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Allergic conjunctivitis - External and Internal Eye
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Allergic conjunctivitis - External and Internal Eye

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Contributors: Brandon D. Ayres MD, Christopher Rapuano MD, Harvey A. Brown MD, Sunir J. Garg MD, Lauren Patty Daskivich MD, MSHS
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Synopsis

Seasonal / perennial allergic conjunctivitis (SAC / PAC) is a common cause of ocular irritation and itching that is noninfectious. Allergens can be seasonal, such as pollen and ragweed, or nonseasonal, such as dust, eye drops, mold, or cosmetics. The process is an immunoglobulin E (IgE)-mediated hypersensitivity reaction, and a personal or family history of atopy is common.

Typical symptoms of allergic conjunctivitis include swollen eyelids, mucoid discharge, and intense ocular itching. Itching is the most commonly reported symptom, and patients may also complain of a feeling of dirt or sand in the eyes. At times, the edema of the eyelids can be quite severe and be associated with scaling and fissure formation of the periocular skin.

Atopic keratoconjunctivitis (AKC), giant papillary conjunctivitis (GPC), and limbal and tarsal vernal keratoconjunctivitis (VKC) are rarer, more severe forms of allergic conjunctivitis. Although GPC may be recurrent, it does not carry as great a risk of long-term corneal damage and vision loss as AKC and VKC. People with other forms of atopic disease are more likely to develop AKC or VKC, often associated with atopic dermatitis and allergic rhinitis, respectively. Some of these forms of allergic conjunctivitis are discussed in more detail elsewhere; this writeup will focus on seasonal and perennial disease.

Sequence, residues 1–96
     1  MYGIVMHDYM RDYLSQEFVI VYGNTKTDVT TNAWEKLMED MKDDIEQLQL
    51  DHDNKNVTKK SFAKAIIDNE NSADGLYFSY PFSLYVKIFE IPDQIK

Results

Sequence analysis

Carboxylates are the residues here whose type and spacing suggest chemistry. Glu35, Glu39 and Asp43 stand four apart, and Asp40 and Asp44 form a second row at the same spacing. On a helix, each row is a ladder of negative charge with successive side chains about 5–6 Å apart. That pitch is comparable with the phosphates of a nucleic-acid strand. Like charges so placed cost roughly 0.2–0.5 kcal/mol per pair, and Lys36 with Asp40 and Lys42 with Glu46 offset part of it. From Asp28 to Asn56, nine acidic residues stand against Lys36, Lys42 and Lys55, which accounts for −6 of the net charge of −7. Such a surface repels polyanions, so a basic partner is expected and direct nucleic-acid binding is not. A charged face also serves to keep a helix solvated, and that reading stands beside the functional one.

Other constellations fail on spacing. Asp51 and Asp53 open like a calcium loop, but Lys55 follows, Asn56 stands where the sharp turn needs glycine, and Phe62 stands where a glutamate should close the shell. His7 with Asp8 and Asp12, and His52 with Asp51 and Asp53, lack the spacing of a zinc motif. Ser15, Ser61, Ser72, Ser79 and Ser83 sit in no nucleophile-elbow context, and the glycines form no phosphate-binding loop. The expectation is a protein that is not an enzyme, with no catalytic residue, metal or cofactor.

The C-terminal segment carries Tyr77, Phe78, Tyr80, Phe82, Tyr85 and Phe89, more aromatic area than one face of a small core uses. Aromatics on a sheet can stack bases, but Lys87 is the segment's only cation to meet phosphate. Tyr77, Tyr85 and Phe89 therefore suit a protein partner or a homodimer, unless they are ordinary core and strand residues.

Codes

ICD10CM:
H10.10 – Acute atopic conjunctivitis, unspecified eye
H10.45 – Other chronic allergic conjunctivitis

SNOMEDCT:
473460002 – Allergic Conjunctivitis

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Diagnostic Pearls

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Differential Diagnosis & Pitfalls

Best Tests

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Management Pearls

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Therapy

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Drug Reaction Data

Below is a list of drugs with literature evidence indicating an adverse association with this diagnosis. The list is continually updated through ongoing research and new medication approvals. Click on Citations to sort by number of citations or click on Medication to sort the medications alphabetically.

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References

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Last Reviewed: 08/26/2019
Last Updated: 08/27/2019
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Allergic conjunctivitis - External and Internal Eye
See also in: Overview
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Allergic conjunctivitis : Eye burning, Eyelid edema, Ocular pruritus, Chemosis, Eye discharge, Usually bilateral
Clinical image of Allergic conjunctivitis
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